June 25, 2013

John Wheeler Bunton (1807-1879)

John Wheeler Bunton, patriot and statesman, son of Joseph Robert and Phoebe (Desha) Bunton, was born in Sumner County, Tennessee, on February 22, 1807. He was educated at Princeton College, Kentucky, and studied law in Gallatin, Tennessee. He arrived in Texas in 1833 and settled first in Austin's colony in San Felipe; soon thereafter he moved to Mina (Bastrop), where, on May 17, 1835, he was elected secretary of the local committee of safety. Such committees, newly organized for protection against the Indians, became the first step toward Texas independence. Bunton represented Mina at the Convention of 1836 at Washington-on-the-Brazos, signed the Texas Declaration of Independence, and was a member of the committee to draft the constitution of the new republic. Bunton was first sergeant of Robert M. Coleman's company of Mina Volunteers. For the siege of Bexar on December 5-10, 1835, he was transferred to Capt. John York's company. After being honorably discharged, he rejoined the army, on March 28, 1836. At the battle of San Jacinto he served on the staff of Gen. Sam Houston in Capt. Jesse Billingsley's company of Mina Volunteers. Afterward, Bunton returned to his home, and from October 3 to December 21, 1836, he represented Bastrop County in the House of Representatives of the First Congress of the Republic of Texas.

In the spring of 1836 Bunton returned to Gallatin, Tennessee, and married his sweetheart, Mary Howell. In April the Buntons, accompanied by 140 friends and slaves, left for Texas. At New Orleans they boarded the Julius Caesar carrying a cargo valued at $30,000. Near the Texas coast on April 12 the vessel was captured by Mexicans and taken to Matamoros, where all of the passengers were imprisoned for three months. After release, the Buntons and other passengers returned to Tennessee. Bunton soon headed another group that traveled by boat and entered Texas at Indianola on Matagorda Bay. While residing in Austin County, he was elected to the House of Representatives of the Third Congress. He is credited for the bill that established the Texas Rangers, the bill providing postal service, and the bill outlining the judiciary system. In 1840 he settled on a farm on Cedar Creek in Bastrop County, where he resided for seventeen years. In 1857 he moved to Mountain City, where he engaged in the cattle business. Bunton originated the famous Turkey Foot brand, which was registered in Hays County. He joined the First Christian Church at Lockhart and was baptized in Walnut Creek in Caldwell County. He was a very tall man, and family members said it was necessary to dam the creek to get sufficient water to immerse him. He was a member of the Texas Veterans Association and a charter member of the Philosophical Society of Texas. The Buntons had five sons and a daughter. On September 16, 1862, Mary Bunton died. Bunton was married again on July 26, 1865, in Bastrop County to Hermine C. Duval. He died at his home on August 24, 1879, and was buried in the Robinson Cemetery beside his first wife. In recognition of his patriotic services in behalf of Texas, on Texas Independence Day, March 2, 1932, the remains of John Wheeler and Mary Howell Bunton were moved and reinterred in the State Cemetery in Austin under the auspices of the Daughters of the Republic of Texas. Source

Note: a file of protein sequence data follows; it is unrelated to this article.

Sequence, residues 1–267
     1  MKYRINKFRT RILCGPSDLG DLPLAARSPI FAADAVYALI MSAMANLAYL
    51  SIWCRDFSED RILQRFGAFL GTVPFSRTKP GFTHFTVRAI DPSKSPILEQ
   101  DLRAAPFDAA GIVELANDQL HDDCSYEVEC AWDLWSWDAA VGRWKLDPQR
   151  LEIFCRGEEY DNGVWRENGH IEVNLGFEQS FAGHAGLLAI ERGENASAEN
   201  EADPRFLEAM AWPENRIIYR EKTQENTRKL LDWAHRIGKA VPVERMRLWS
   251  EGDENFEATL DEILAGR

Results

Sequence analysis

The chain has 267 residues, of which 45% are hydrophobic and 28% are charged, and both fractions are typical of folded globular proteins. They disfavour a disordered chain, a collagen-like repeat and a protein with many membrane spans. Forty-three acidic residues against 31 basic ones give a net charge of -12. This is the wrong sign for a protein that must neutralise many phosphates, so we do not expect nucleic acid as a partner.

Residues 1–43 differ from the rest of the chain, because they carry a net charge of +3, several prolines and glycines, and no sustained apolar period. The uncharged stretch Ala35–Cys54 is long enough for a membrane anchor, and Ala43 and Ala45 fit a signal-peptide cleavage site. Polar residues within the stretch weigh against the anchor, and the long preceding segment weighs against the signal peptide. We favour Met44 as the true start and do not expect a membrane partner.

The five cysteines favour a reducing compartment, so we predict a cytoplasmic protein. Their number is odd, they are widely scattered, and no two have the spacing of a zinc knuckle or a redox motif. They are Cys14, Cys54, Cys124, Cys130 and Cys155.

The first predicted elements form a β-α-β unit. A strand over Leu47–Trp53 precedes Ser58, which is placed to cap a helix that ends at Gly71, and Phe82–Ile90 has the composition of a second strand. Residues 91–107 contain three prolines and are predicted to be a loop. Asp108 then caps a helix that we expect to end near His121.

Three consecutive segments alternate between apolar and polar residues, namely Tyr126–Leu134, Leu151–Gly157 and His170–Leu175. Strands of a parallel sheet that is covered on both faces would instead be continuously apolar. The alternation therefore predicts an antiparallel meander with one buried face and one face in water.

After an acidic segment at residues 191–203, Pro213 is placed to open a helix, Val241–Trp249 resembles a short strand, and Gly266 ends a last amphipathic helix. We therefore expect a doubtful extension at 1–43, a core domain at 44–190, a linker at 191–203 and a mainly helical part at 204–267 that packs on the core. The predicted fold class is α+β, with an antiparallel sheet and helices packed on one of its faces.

30° 15.925
-097° 43.617

Republic Hill
Texas State Cemetery

June 18, 2013

Clement Clinton Dyer (1799-1864)

C. C. Dyer, one of Stephen F. Austin's Old Three Hundred colonists, was born at Dyersburg, Tennessee, on January 29, 1799. He moved to Texas in 1822 and, on June 5, 1824, married Sarah Stafford, daughter of William Stafford. They had twelve children. On August 10, 1824, Dyer received title to a league of land in what is now Colorado County; on August 24 of that year he received title to 1½ labors of land in what is now Waller County. In 1825 Indians frightened Mrs. Dyer away from their home, and in April 1826 Dyer made affidavits concerning Indian hostilities. In 1833 he became the manager of the Stafford plantation. Soon afterward he was appointed to oversee the records of the Department of the Brazos. Sometime before March 28, 1835, he sold a half league to his father-in-law. On November 7, 1835, as a delegate to the Consultation from Harrisburg Municipality he was one of the signers of the declaration that cited the causes for taking up arms against the Centralist forces of Antonio L√≥pez de Santa Anna. After the Texas Revolution, Dyer was justice of the peace in Harrisburg (later Harris) County. He moved to Fort Bend County in 1837 and from 1838 to 1841 was justice of the peace in the lower precinct of that county. He was also actively involved in the Methodist church organized in 1839 in Richmond. In 1843 he was elected county chief justice, a post he held until August 1856. On January 15, 1845, he was appointed to a committee that was to draft resolutions expressing the sentiments of Fort Bend County citizens regarding the annexation of Texas to the United States. The census of 1860 listed him as a wealthy planter with an estate worth $40,000. He died near Richmond in 1864. Source